Today I’m going to show you a brilliant way to up-cycle your old clothes using heat transfer paper, otherwise known as sublimation printing paper.
Usually, designers or factories will use a heat press. This morning I was lucky enough to use one and I’ll show you what we did with it. I got my heat transfer paper from Bags of Love. They’re an online company and you can get as little as an A4 piece of paper printed which costs about £4.00.
The brilliant thing about sublimation printing is that you can use the same print over and over again and it will just become a lighter version. The important thing to remember about sublimation printing is that whatever you print it onto has to be at least 65% polyester content. For your images, you can create lovely paintings if you’re good at art or you can do what I did which was to look on Etsy for some artist pages. There was a lovely guy called Nelson Ruger and he’s got a site called Nelson Makes Art. Nelson does these beautiful, Tiki, Hawaiian-looking paintings and sells the prints on site. I asked him if I could buy his image to use on the heat transfer.
The image is much more vibrant than you can see here because when you get it printed onto the heat transfer paper it looks muted but once you get it printed onto the fabric it will come up really vibrant. Also, I took a picture of one of my beautiful Dutch vintage scarves. Look at when you print onto 100% polyester; it comes out really vibrant!
This is a vest top I’m going to use and this is the inside lining of a trench raincoat and I think would be fantastic with all the quilting. I don’t know how it will come out but this is 100% polyester as well. I thought it would be brilliant for Nelson and his Hawaiian Tiki art to do a Hawaiian shirt.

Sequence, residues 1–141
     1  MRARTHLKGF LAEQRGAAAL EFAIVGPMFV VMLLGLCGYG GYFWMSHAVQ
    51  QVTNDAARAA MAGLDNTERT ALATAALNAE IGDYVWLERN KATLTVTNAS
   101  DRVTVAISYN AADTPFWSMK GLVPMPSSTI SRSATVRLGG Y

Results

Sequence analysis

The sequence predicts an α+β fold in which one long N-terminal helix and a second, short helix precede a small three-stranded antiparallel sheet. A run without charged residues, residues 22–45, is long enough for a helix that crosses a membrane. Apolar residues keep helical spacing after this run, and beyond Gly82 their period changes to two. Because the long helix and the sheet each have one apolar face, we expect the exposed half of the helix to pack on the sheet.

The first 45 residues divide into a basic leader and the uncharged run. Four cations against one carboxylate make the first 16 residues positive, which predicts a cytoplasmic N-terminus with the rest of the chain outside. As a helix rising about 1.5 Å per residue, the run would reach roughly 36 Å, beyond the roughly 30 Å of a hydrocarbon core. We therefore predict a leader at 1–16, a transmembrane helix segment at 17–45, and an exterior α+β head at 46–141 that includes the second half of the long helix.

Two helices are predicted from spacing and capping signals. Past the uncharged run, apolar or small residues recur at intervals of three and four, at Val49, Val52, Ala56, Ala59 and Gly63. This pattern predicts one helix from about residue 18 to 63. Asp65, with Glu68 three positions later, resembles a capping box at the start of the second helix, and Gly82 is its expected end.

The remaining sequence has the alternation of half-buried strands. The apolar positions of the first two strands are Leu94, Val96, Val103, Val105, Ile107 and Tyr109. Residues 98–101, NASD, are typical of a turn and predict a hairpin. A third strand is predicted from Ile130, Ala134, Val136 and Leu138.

This is an A3 size heat press and it belongs to my lucky sister, Shaz! I’m not going to get too technical with this as most of you probably don’t have a heat press at home and you’ll be using an iron. Shaz pointed out at that because the heat press is only so big and it’s difficult for me to shift the design along, she suggested I created distressed, deliberate pleating. So I’m trying to centralise my vintage scarf design. I’ve got the transfer paper face down, Teflon on top. Shaz says I pull it across – which is really scary because it all feels really hot! Then I pull out the pin, pull it down all the way and it’s on a timer. So, pull the pin out, lift it up… Oh my goodness! I can see it already!
That’s amazing! And the colours are just so vibrant! That’s the effect of those pleats that I did, which I think tie quite nicely with the white I left at the bottom.
This is the second. I’ve done it twice with the same bit but it’s still really vibrant! Wow, Bags of Love you sure do good sublimation print paper!
I don’t usually like to get my arms out but I’ll do it for you so you can see… Now that really is, up-cycling your top.
So this is me doing Nelson’s Tiki print. That’s amazing! So that is pretty good. Because this is more about you being able to do it than doing it on a heat press, for the rest of our experiments we’re going to go back to the studio and use a really hot iron.
I’m lucky enough to have this really big table and I’m not really bothered if it gets damaged. If you’ve got a really big precious table, be careful. Even though I’m not bothered about my table I’m going to attempt to protect it a little bit. I’m using this slightly quilted fabric and covering it with pieces of newsprint.